Another important goal for the interior design was to evoke a sense of place, weaving the natural beauty of Upper Lake’s flora and fauna into the decor. The resulting interiors suggest the home of a well-traveled naturalist with a style Candra describes as “sophisticated country chic.”
Subtle sepia-colored murals by Carol Thosath cover the dining room walls, depicting the nearby marshes. A collection of brown and white transferware dishes are displayed in the breakfront. Tiles around the fireplace were hand painted with design elements from the transferware. A large vintage Chinese paper lantern painted with a bold modern spiral adds a contemporary spin. Dozens of hand-colored bird prints cover the lobby walls and march up the staircase to the guestrooms.
Candra noted that the uniform size and coloration of the framed prints contribute to the design’s modern appeal. In guiding others to achieve a similar look, Candra says that collections are always a large part of their own designs. “So if one has collections, concentrate on just one thing and showcase that in your home,” says Candra. “Not only is it visually more interesting and harmonious, but it is a reflection of your own personal interests.”
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Grand Reserve Inn
Secluded on 40 acres of the Wilderotter Vineyard in Plymouth, the Grand Reserve Inn is a luxurious, 9,000 square-foot Tuscan-inspired villa with panoramic views of grapevines and the Sierra Foothills. Built around an expansive open-air courtyard, the inn offers five spacious suites with gas fireplaces, private terraces, spa-like baths, and luxe amenities. The inn’s inviting common areas include a great room, cooking class kitchen, and an onsite winery.
“Our goal for designing the inn was to offer an upscale experience in Amador Wine Country,” says general manager Colleen Bastkowski. “The premium materials used in the construction and décor give our destination a unique personality and make a lasting impression on guests.”
Describing specific design choices, Colleen explains that there is limited artwork on the property. “We leveraged the surrounding vineyards as the true works of art by installing tall arched windows and glass bi-fold doors that open to sweeping vineyard views,” says Colleen.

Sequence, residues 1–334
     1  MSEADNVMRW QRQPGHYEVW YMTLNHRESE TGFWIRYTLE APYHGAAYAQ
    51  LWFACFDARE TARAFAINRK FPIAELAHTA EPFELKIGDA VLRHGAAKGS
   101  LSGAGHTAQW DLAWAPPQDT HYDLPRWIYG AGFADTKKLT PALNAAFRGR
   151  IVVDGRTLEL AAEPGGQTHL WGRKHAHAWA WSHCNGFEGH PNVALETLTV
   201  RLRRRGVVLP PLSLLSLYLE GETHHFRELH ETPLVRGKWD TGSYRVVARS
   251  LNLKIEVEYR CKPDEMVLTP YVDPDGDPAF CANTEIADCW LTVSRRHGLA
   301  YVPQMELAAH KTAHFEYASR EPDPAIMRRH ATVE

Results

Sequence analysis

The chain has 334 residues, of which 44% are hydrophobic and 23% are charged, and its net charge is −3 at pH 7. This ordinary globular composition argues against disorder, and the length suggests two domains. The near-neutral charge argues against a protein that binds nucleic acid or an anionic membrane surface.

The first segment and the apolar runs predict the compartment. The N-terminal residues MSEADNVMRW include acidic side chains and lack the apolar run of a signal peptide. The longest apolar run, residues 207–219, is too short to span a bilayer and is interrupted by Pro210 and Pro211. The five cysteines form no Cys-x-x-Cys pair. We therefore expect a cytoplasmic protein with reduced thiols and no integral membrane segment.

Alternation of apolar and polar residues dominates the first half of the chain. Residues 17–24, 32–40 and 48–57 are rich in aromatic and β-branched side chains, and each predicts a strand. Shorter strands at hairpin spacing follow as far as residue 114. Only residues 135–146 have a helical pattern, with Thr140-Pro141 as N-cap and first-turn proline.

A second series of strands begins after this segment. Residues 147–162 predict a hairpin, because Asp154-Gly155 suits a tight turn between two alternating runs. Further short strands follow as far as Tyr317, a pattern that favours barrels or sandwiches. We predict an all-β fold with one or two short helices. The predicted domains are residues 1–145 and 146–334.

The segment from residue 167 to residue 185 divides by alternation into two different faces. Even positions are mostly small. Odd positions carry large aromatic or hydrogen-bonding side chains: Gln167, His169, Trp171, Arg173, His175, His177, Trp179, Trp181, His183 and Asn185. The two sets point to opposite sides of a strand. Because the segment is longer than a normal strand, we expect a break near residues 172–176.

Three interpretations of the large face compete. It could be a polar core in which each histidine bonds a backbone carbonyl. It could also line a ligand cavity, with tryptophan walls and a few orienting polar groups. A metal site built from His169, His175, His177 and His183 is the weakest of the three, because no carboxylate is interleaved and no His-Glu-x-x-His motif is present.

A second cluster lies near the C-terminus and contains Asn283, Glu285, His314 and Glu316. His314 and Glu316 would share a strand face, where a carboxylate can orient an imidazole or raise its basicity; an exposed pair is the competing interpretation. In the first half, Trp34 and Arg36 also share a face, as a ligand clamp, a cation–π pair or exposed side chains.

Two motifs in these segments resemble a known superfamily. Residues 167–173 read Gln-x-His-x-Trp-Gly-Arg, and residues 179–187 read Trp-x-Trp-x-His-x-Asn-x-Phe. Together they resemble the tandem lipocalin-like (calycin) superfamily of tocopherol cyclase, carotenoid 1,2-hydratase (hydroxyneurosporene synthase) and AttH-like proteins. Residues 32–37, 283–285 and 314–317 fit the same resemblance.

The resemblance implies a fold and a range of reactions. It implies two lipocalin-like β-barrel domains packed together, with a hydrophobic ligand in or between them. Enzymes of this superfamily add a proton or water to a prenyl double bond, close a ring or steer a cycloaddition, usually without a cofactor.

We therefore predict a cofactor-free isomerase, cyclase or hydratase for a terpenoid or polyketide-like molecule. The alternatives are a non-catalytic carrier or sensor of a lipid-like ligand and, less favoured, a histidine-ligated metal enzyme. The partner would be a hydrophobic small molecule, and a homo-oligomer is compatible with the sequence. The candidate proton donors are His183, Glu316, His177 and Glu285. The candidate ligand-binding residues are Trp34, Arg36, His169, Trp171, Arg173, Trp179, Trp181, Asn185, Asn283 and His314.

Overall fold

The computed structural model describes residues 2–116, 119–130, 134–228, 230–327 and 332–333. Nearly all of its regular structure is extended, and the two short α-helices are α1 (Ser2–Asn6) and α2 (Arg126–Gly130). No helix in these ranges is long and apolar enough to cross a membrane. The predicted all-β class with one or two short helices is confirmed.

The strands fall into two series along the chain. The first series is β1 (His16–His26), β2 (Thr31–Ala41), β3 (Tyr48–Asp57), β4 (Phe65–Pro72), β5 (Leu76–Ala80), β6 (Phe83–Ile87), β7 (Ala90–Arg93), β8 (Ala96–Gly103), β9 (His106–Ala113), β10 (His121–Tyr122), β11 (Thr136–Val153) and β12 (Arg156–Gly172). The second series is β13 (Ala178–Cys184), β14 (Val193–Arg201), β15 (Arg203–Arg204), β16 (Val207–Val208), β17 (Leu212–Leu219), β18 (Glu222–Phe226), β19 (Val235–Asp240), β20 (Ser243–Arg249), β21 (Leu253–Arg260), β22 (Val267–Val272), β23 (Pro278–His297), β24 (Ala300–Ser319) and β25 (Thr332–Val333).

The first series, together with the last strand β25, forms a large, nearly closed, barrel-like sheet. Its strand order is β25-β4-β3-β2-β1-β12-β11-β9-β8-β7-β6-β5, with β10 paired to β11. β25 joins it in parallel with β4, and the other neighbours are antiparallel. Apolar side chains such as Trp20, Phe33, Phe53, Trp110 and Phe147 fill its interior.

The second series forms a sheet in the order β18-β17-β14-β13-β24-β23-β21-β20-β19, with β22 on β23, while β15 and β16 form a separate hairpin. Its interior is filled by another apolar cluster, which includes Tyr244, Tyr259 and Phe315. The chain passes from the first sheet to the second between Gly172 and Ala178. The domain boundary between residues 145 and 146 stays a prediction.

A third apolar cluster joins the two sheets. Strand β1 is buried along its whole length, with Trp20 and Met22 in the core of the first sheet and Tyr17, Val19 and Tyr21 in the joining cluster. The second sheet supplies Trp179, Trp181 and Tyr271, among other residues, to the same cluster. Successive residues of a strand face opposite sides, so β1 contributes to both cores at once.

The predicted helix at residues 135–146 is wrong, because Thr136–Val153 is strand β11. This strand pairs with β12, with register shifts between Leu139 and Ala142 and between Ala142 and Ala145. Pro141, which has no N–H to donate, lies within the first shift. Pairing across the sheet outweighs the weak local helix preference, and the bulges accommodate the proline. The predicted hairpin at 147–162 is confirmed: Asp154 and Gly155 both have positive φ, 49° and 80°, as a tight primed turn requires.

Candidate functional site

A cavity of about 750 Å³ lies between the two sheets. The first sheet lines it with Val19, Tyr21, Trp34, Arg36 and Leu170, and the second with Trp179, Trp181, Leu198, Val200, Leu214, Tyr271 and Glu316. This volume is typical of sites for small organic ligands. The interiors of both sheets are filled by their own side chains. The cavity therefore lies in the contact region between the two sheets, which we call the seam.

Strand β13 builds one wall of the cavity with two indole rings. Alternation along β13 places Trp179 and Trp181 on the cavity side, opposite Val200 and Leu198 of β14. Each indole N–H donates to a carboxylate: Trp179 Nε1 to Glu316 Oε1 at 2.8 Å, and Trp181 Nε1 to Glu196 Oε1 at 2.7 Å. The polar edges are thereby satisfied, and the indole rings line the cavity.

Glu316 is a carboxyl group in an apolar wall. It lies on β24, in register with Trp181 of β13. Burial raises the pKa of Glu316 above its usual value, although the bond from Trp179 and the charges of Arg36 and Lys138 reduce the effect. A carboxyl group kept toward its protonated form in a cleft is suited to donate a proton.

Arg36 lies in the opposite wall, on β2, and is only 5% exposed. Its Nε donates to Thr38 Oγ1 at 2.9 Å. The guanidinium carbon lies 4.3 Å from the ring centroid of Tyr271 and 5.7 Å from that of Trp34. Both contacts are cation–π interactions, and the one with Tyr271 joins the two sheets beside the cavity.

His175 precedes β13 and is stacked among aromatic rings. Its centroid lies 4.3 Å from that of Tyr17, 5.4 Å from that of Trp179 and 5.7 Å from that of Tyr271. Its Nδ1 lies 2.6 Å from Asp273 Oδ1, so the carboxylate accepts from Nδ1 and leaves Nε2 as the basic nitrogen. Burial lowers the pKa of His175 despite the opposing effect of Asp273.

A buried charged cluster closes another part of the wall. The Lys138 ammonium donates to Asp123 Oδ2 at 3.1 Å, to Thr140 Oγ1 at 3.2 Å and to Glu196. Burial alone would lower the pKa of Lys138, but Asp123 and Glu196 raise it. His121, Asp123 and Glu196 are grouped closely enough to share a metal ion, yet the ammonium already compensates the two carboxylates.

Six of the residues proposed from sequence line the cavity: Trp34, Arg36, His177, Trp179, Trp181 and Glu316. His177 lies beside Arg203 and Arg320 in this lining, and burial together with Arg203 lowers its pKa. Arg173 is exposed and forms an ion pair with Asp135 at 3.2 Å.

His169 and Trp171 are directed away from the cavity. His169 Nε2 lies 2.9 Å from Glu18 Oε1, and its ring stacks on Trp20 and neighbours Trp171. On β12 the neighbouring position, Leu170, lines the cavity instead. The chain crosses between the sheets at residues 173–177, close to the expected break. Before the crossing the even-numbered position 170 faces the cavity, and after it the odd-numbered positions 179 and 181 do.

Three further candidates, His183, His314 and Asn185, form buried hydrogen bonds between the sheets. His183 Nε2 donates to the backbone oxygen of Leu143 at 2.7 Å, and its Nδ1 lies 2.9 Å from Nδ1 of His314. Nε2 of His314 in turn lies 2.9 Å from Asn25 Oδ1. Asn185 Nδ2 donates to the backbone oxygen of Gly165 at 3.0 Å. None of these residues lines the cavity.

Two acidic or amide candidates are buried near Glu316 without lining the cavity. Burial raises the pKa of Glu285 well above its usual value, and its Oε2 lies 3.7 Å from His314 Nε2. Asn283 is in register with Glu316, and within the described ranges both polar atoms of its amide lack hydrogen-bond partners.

Capturing the romance of an Italian villa, the inn’s façades and entryway are made of stone and topped with a tiled roof. Interiors feature travertine floors, iron chandeliers and sconces, and vaulted ceilings with exposed wood beams. Elegant furnishings made of iron and wood echo the building’s design while a soothing, muted color palette reflects the natural surroundings.
When designing interiors, Colleen suggests using soft gray hues and neutral tones to create a sense of calm and tranquility. She also recommends splurging on the best mattress you can afford and topping it with fluffy down comforters, duvet covers, and silky white sheets.
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Ballard Inn and Gathering Table
Nestled among the bucolic vineyards and horse ranches of the Santa Ynez Valley, the tiny town of Ballard was founded in 1880 as the first stagecoach stop between Santa Barbara and San Luis Obispo. When the town’s only business, the Ballard Inn and Gathering Table, underwent a redesign a few years ago, it drew upon the town’s frontier roots. The resulting renovation combines Early American antiques with a modern aesthetic.
Principal designer Heather Saarloos of Design House in Los Olivos led the redesign. She says one of the most important factors was to create an instant feeling of history and home with inviting spaces for guests to gather with their most beloved friends.
In the lobby, a spindled staircase rises to the left of the front door and is softened by a natural fiber runner. Two oval framed, sepia-toned photographs of Ballard’s earliest pioneers–Cynthia Ballard and George Lewis–hang on the back wall on either side of a pair of rustic doors and a front desk built of reclaimed wood.
The dining area is anchored by a long, rustic, farmhouse table. Two enormous black-and-white photographs of oak trees hang on the wall. The living room is a blend of antiques and modern furnishings. Brass tack leather chairs are complemented by white linen-upholstered seating draped with cozy linen/silk blankets in neutral colors.
The same blankets are draped over the backs of the leather booths in the restaurant, which features a long, communal farmhouse table in the center flanked by more intimate rustic wooden tables on either side. “The Gathering Table dining room was selfishly my favorite,” says Heather. “Chef Budi Kazali is a culinary genius and we wanted to create a worthy space for the local community and travelers alike to gather together and experience his talent.”